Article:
Top student aims to add to UAlberta’s energy expertise

Google Science Fair winner earns university’s most generous undergraduate award.


(Edmonton) Using bits and pieces picked up at dollar stores and hardware outlets, Hayley Todesco created an oilsands research project that has the new University of Alberta student—and Canada’s only representative—a winner on the world stage in the Google Science Fair.

Todesco won in her age category over four other global finalists Sept. 22, taking home a blue Lego trophy and a $25,000 scholarship, which she can add to her roster of achievements.

The 18-year-old, who is taking first-year classes in the Faculty of Science, is also the winner of the U of A’s $50,000 President’s Centenary Entrance Citation—the university’s most generous undergraduate scholarship—and if that weren’t enough, she’s just won the 2014 Stockholm Junior Water Prize.

She received the prestigious water prize presented by Crown Princess Victoria of Sweden during World Water Week in Stockholm, and considers herself doubly lucky to have also received her U of A scholarship.

“I have endless gratitude to the University of Alberta. This will make the next four years of my life much less stressful.” And with her parents also financing her sister’s post-secondary education, the scholarship is actually helping not one student, but two, she noted. “My family and I are so grateful.”

Todesco is among top faculty, students and staff being recognized at the U of A’s annual Celebrate! Teaching. Learning. Research. event being held at the Myer Horowitz Theatre Sept. 25. Everyone is welcome to attend.

Todesco, who dubs herself on Twitter as a “scientist in training,” is intrigued by the challenge of exploration. “People are naturally curious, and if you want to go into a field of constant discovery, science is the way to go.”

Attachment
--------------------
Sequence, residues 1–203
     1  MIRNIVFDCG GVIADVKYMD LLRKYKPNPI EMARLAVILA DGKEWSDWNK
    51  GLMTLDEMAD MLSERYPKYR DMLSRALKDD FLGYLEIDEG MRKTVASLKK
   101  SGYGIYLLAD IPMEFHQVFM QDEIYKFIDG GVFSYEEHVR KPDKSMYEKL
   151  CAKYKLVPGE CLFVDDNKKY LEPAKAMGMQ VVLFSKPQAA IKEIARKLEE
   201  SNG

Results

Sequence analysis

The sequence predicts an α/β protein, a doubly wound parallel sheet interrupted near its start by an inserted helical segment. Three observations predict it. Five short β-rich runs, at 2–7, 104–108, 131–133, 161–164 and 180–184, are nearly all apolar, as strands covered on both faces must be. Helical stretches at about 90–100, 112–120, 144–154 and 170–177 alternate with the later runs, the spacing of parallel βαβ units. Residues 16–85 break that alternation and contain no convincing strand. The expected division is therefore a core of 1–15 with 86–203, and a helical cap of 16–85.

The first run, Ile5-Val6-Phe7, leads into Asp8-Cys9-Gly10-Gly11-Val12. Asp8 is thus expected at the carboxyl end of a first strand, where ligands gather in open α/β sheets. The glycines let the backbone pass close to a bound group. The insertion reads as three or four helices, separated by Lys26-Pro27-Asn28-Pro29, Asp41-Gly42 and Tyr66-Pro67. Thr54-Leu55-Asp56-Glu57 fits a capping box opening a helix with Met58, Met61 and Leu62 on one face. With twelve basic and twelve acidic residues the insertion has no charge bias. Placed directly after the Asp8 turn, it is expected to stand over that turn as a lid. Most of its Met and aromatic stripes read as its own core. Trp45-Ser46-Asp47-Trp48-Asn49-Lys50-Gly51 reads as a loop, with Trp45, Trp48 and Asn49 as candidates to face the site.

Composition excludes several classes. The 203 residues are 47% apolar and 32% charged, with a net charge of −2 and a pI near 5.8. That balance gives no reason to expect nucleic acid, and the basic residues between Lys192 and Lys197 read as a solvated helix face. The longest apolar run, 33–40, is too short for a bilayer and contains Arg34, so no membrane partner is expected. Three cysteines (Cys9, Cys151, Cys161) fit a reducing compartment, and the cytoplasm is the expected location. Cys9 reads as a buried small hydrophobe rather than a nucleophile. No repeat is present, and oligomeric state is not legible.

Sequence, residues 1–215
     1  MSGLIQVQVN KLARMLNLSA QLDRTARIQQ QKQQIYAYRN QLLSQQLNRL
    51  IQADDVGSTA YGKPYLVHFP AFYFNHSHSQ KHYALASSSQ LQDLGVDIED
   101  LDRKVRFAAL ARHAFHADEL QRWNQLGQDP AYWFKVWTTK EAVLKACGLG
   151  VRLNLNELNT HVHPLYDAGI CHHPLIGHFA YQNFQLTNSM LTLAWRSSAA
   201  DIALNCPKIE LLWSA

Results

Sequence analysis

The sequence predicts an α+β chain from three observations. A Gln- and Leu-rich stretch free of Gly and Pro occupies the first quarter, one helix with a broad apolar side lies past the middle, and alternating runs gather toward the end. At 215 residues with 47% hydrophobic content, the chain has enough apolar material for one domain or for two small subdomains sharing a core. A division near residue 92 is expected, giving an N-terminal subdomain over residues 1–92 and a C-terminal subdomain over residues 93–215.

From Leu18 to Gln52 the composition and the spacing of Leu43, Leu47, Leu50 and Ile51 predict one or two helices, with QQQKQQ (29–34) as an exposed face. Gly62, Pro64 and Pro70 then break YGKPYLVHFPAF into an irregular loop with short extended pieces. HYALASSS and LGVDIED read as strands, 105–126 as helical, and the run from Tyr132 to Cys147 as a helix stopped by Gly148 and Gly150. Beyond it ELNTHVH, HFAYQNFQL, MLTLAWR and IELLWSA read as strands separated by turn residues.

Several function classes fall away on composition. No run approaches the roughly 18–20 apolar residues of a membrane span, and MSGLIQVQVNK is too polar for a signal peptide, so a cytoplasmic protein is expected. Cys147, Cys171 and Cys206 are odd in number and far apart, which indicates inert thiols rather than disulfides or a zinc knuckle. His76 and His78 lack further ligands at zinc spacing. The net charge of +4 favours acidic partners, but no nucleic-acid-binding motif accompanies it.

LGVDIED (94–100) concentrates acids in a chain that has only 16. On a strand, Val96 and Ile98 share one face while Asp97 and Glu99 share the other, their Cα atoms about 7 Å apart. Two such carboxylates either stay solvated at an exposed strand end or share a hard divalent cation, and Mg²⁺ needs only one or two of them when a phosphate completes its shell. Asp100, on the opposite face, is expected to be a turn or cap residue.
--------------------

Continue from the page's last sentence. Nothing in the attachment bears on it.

The Calgary native chose to study at the U of A because of its extensive work in oilsands research and discovery. “The university has the same research focus that I do.” She plans to pursue graduate studies and a career in microbiology—an area she believes holds rich potential.

“When you read about scientific discoveries, there are always new types of bacteria doing amazing things. Biotechnology holds a lot of potential.”

It was her own curiosity that launched the teen into her winning Google project, which aims to speed cleanup of toxic compounds generated by oilsands extraction. Using binder clips, a popcorn tub, IV bags and other odds and ends, Todesco concocted her own filters from sand and bacteria. She estimates that the technology could clean oilsands tailings up to 14 times faster.

She believes the project caught the judges’ attention because of its quirky, homemade feel, being applied to solve a high-tech problem. “I think they liked that it was something a kid thought of.”

A veteran of school science fairs for the past eight years, Todesco says the discipline first caught her imagination in a Grade 5 class demonstration, when she saw how soda bottles and sand could be used to create a simple filter for clean drinking water.

The echo of that idea took root for a Grade 11 science fair project, and keenly aware of the environmental challenges facing the oilsands, one of Alberta’s leading industries, she’s been working at the problem ever since, developing the filter.

“It is still unexplored territory. Cleaning the environment is a noble cause, and quite cool when it comes down to the actual science involved.”

Todesco showed her own idea to a panel of judges at Google headquarters in California Sept. 22 (see the results of the Google Science Fair) in a final showdown against four other young rising stars in her age category from the United States, Russia, France and Australia.